Botanical: Acacia nilotica (LINN.)
Family: N.O. Leguminosae
Acacia Nilotica (LINN.)
Medicinal Action and Uses
Gummy Exudation from stem.
ACACIA NILOTICA (LINN.)
All the gum-yielding Acacias exhibit the same
habit and general appearance, differing only in technical characters. They are
spiny shrubs or small trees, preferring sandy or sterile regions, with the climate
dry during the greater part of the year.
The gum harvest from the various species lasts about five weeks. About the
middle of November, after the rainy season, it exudes spontaneously from the
trunk and principal branches, but the flow is generally stimulated by incisions in
the bark, a thin strip, 2 to 3 feet in length and 1 to 3 inches wide being torn off.
In about fifteen days it thickens in the furrow down which it runs, hardening on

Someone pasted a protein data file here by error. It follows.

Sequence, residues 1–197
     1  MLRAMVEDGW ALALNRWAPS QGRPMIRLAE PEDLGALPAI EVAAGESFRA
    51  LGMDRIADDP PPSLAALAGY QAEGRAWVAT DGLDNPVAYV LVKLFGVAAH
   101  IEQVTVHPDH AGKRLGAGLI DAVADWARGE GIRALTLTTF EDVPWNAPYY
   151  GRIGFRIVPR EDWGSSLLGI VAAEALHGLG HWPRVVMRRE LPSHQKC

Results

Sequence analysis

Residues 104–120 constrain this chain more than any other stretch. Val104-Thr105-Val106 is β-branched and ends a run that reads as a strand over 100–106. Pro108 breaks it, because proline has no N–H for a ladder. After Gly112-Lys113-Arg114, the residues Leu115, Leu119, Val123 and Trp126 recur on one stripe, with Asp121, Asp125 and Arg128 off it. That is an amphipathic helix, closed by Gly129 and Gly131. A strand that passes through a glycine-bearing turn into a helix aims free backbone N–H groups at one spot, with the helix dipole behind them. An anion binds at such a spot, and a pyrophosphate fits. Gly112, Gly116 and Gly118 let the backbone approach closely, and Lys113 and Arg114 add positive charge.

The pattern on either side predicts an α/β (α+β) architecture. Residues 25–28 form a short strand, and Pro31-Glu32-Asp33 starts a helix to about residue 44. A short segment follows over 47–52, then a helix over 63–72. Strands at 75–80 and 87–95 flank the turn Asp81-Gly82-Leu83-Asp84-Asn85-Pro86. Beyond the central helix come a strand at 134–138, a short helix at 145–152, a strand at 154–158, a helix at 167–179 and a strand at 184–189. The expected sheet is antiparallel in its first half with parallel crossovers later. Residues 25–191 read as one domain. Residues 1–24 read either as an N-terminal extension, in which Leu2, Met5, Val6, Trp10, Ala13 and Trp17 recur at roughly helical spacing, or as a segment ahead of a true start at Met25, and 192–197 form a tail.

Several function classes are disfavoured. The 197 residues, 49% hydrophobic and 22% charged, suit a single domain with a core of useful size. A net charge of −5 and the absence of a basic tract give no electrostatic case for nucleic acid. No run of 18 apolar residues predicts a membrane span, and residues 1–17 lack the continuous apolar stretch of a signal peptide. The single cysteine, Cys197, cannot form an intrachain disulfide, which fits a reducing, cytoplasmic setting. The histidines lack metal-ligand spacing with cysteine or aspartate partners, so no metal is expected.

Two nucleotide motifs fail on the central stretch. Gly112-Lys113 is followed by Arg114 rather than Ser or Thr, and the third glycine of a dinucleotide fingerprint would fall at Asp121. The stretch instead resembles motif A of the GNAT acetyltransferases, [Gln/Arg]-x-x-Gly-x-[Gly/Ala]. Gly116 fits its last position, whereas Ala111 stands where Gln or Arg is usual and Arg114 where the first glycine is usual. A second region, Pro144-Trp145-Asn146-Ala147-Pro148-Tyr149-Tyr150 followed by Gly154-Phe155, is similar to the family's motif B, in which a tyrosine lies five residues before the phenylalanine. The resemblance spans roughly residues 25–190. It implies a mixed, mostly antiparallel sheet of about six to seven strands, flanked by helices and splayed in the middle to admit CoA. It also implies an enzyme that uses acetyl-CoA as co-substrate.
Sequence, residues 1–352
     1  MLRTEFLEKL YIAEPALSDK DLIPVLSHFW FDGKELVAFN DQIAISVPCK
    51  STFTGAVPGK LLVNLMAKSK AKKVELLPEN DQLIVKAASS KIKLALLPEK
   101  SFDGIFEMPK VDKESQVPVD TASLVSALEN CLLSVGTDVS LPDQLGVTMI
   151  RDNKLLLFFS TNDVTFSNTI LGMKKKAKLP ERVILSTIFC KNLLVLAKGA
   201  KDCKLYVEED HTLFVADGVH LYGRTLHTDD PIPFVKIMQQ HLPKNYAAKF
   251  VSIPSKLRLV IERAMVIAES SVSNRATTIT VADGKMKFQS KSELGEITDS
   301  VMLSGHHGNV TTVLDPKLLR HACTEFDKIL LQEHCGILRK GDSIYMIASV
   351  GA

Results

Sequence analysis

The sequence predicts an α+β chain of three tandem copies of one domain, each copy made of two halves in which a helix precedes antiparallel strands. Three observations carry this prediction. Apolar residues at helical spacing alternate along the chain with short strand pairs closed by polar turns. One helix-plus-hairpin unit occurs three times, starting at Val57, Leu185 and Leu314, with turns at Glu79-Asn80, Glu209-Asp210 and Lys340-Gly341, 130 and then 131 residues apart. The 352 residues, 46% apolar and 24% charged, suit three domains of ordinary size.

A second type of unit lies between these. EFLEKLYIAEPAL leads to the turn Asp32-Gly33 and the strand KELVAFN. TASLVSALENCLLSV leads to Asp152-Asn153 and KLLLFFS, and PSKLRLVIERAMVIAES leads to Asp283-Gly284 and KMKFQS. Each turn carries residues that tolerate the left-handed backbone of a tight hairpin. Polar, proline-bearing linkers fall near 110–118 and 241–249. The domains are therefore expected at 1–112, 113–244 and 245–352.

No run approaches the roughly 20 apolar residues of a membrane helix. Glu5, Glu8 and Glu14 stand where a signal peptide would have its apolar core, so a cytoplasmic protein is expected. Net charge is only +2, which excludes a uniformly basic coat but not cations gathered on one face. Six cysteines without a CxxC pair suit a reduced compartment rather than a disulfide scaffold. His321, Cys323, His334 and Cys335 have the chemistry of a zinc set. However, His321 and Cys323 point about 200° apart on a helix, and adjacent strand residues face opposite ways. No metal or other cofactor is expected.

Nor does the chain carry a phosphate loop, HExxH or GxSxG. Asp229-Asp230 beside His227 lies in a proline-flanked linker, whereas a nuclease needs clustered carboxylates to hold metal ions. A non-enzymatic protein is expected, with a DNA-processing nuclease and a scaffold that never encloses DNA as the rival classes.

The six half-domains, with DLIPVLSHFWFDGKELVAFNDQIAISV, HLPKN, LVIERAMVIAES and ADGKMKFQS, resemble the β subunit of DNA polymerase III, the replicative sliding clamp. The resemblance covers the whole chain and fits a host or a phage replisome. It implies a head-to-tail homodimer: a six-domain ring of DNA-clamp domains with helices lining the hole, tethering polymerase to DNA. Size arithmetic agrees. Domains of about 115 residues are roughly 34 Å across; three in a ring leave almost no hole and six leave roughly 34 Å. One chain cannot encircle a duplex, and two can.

exposure to the air, usually in the form of round or oval tears, about the size of a
pigeon's egg, but sometimes in vermicular forms, white or red, according to
whether the species is a white or red gum tree.
About the middle of December, the Moors commence the harvesting. The
masses of gum are collected, either while adhering to the bark, or after it falls to
the ground, the entire product, often of various species, thus collected, is packed
in baskets and very large sacks of tanned leather and brought on camels and
bullocks to the centres of accumulation and then to the points of export, chiefly
Suakin, Alexandria, or - in Senegambia - St. Louis. It is then known as 'Acacia
sorts,' the term being equivalent to 'unassorted Acacia.' The unsorted gums show
the widest variation as to size of fragments, whiteness, clearness, freedom from
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